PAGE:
Making a difference Jude Dineley catches up with three early-career scientists whose work outside the lab is helping improve the academic environment for others l e y i n e
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Extracurricular (F r om l e f t ) L e ï l a Haegel, Jana L as s e r and Salma Sohr abi - Jahr omi a t t he 2019 Lindau meeting.
If you’re aspiring to a life-long career in science, it can often feel like there aren’t enough hours in the week. Finding time to l o o k b e y o nd y o u r ow n r e s e a r c h , h owe v e r , c an be r ewarding. At the 69th L indau Nobel Laureate meeting in Germany this July, I spoke to three early-career scientists active in projects to make academia healthier, more productive and equitable, while picking up valuable experience along the way. Here are their experiences.
Tackling toxic work environments Originally from Austria, Jana Lasser was a postdoc at the Max Planck Institute for Dynamics and Self-Organisation in Göttingen, Germany, until the end of November this year. In the spring, she finished her PhD investigating the formation of curious geometric patterns on the surface of salt flats such as the Badwater Basin in California. Beyond the lab, last year she served as the elected spokesperson of the Max Planck P hDne t , a n e t wo r k o f ab o u t 50 0 0 P hD c and idates, making her acutely aware of the challenges that early- career researchers face.
With hours approaching that of a full-time job, Lasser’s spokesperson role was tough to balance with her PhD, but well worth it. “It was the best thing I did in my life so far,” she says, adding that it was “like a crash course in everything – leadership, communication, negotiation, conflict management, time management and project management”.
Men t a l he a l t h was a ho t t op i c du r i ng L a s ser’s term. There is mounting evidence that l a r g e numbe r s o f y o un g s c i e n t i s t s s u f f e r f r om s t r e s s and men t a l i l l n e s s and , t y p i c a l l y, p r o blems at work play a significant role. Consequently, when the PhDnet became involved in a Max Planck task force on employee health, Lasser and her colleagues pushed to increase the focus on mental wellbeing. A direct outcome was a 24-hour mental-health crisis hotline for all staff, which launched in April. It has sparked plenty of interest. “Many people asked me, ‘Is it already there? We want it. We need it’,” she says.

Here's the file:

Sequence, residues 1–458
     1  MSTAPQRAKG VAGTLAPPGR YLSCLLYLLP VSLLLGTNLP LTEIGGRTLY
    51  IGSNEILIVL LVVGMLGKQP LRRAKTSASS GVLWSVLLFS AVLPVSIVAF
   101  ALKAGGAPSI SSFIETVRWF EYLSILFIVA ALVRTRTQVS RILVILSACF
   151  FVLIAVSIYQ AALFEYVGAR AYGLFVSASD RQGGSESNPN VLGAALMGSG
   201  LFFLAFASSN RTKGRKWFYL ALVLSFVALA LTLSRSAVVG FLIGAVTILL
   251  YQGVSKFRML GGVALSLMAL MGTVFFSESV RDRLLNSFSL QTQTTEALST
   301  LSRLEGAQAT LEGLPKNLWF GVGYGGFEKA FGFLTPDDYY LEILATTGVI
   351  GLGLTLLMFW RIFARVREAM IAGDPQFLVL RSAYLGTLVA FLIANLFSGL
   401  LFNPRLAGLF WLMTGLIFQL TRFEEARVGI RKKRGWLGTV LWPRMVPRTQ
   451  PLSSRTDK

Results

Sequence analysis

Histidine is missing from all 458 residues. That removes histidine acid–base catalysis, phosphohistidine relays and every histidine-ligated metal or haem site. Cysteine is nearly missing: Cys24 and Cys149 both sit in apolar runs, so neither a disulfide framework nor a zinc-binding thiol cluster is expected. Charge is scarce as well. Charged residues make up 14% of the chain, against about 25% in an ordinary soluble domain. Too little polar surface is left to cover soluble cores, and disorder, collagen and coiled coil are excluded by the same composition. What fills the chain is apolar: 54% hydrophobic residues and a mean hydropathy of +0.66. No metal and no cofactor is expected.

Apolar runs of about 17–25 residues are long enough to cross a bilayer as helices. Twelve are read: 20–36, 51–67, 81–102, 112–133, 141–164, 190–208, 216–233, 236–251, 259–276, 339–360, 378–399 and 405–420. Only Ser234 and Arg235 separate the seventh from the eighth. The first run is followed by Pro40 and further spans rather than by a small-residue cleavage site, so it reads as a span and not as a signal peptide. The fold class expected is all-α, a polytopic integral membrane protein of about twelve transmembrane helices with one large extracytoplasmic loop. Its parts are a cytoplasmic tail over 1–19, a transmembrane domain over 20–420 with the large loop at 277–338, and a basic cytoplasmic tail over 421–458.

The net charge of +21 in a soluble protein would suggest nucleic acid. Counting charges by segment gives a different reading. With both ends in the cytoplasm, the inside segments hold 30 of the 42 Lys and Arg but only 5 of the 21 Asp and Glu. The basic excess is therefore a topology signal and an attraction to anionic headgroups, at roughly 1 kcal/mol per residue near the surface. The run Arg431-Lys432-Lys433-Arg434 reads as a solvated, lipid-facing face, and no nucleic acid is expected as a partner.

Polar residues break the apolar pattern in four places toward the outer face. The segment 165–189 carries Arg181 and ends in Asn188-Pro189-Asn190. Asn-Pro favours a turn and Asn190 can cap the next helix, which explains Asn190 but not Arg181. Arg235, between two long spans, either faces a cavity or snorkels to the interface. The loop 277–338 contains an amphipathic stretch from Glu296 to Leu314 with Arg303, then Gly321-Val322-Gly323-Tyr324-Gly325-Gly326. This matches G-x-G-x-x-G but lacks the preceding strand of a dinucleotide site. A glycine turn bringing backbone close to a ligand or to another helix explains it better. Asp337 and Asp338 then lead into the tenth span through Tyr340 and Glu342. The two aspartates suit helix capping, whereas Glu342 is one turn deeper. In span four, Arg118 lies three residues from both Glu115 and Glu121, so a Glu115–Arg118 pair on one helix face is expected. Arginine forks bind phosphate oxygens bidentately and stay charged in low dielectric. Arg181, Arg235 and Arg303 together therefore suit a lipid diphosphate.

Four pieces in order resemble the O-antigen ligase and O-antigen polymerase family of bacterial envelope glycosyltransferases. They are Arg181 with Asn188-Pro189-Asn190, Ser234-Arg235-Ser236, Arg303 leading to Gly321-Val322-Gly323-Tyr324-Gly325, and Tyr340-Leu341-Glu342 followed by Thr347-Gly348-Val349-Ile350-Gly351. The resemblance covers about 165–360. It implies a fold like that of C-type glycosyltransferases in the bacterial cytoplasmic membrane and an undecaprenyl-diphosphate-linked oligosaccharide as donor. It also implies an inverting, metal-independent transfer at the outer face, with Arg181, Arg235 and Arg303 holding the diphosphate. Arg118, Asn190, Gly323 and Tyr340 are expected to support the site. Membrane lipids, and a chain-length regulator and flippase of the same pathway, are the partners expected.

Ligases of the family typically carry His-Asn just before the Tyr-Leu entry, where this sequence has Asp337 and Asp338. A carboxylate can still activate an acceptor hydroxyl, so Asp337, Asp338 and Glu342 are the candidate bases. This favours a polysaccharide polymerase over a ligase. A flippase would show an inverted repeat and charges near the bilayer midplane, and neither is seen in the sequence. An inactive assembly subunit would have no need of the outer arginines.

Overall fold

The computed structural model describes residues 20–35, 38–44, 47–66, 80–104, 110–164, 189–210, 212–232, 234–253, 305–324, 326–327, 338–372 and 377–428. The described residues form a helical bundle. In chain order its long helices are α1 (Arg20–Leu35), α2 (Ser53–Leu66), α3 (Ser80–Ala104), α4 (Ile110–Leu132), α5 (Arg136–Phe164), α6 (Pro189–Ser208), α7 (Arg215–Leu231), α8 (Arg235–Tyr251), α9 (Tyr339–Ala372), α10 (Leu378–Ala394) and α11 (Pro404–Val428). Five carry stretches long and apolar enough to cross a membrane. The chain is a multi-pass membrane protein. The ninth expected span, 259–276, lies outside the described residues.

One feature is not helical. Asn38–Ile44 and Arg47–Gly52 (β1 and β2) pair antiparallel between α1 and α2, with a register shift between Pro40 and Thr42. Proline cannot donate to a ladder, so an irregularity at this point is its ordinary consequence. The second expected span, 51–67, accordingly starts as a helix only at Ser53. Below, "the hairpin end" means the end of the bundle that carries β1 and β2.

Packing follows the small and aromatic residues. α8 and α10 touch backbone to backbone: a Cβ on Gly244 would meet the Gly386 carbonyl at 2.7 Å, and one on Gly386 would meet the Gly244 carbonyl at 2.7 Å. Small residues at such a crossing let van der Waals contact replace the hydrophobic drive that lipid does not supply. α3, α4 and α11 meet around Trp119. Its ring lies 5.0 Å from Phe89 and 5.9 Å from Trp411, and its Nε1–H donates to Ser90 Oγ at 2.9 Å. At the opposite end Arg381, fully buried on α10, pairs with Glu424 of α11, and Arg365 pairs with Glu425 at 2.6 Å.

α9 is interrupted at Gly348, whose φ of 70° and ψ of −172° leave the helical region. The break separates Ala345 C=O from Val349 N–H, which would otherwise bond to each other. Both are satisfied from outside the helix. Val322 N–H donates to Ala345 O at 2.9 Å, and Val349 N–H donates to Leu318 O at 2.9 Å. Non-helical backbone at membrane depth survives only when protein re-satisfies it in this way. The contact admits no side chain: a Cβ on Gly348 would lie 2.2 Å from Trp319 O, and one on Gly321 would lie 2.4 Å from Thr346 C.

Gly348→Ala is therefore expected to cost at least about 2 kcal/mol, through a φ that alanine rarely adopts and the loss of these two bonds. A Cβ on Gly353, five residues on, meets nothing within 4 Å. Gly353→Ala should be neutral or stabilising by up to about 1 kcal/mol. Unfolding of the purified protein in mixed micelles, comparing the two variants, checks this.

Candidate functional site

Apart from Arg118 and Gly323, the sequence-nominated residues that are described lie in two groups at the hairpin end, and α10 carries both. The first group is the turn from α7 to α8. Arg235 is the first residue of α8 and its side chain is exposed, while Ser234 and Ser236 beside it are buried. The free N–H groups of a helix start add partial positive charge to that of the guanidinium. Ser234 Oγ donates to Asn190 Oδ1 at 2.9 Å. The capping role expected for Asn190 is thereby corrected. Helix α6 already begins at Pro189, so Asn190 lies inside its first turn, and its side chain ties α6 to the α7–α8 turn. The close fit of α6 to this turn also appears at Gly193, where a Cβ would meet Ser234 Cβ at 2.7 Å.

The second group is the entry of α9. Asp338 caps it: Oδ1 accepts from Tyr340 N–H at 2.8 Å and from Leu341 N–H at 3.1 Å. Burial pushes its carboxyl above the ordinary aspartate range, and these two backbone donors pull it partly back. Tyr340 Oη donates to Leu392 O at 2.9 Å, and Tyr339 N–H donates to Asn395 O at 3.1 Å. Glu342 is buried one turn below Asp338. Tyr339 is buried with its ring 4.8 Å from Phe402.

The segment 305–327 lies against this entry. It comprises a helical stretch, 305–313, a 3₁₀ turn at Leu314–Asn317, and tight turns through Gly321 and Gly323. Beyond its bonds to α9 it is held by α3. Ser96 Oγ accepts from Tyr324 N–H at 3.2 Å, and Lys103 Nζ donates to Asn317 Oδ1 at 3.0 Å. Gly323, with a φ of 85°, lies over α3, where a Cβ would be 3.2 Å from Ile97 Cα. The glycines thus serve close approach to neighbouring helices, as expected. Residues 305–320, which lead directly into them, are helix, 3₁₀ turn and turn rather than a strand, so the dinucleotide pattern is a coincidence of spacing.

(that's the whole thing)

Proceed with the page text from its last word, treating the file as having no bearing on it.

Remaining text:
Though valuable, Lasser describes the hotline as, ultimately, a “really good bandaid”, naming the publish-or-perish mentality and job insecurity as critical underlying factors. “If you know that you’re probably going to move every second year, then it’s hard to build a network, it’s hard to have a life outside of work…relationships are destroyed,” she says. “I’ve seen that in my circle quite a number of t imes.”
Supervisor behaviour, too, can have a decisive impact on young researchers, with bullying at one extreme. In 2018 allegations of bullying involving senior researchers at two Max Planck institutes hit the mainstream media. After assisting in the immediate aftermath, Lasser became part of a second task force addressing the issue at a systemic level. She spoke to hundreds of doctoral researchers, many of them victims, about their experiences, informing a white paper she wrote with her colleagues. Among a long list of recommendations were robust institutional frameworks for handling disputes promptly and mandatory management training for PIs. “When you become a g r oup l e ade r o r p r o f e s s o r , y ou a r e no t ne c e ssarily educated to be a good manager” says Lasser. “We have to recognize that and train these people.”
Breaking down barriers Also based in Göttingen, Salma SohrabiJahromi is a PhD candidate at the Max Planck Institute for Biophysical Chemistry. Barriers – and breaking them down – is a theme that has popped up repeatedly in her c a r e e r . She i s a c ompu t a t i o na l b i o l o g i s t , who s w i t c h e d f r om b i o t e c hn o l o g y. A t r u e i n t e r d i sciplinarian, her research sits at the boundary between biology and physics, investigating the behaviour of biomolecular condensates and their physical properties in cells.
Political barriers – albeit indirectly – inspired Sohrabi-Jahromi to become active in the academic community as an undergraduate. Studying in Tehran in her home country Iran, she experienced the isolation of the local science community caused by political sanctions. Then, the city was chosen to host a rare international meeting in her field. She jumped at the chance to help organize it and network with visiting scientists. “It was really rewarding,” she recalls. Guests included a researcher from he r c u r r e n t i n s t i t u t e and, t h r oug h t hem, s he lear ned about t he Max Planck in ter nat ional graduate programme, which she eventually ended up joining.
In Germany, outside of her research, Sohrabi-Jahromi has helped tailor computerscience and statistics teaching in her institute, to better engage graduate biologists.
Physics World Careers 2020
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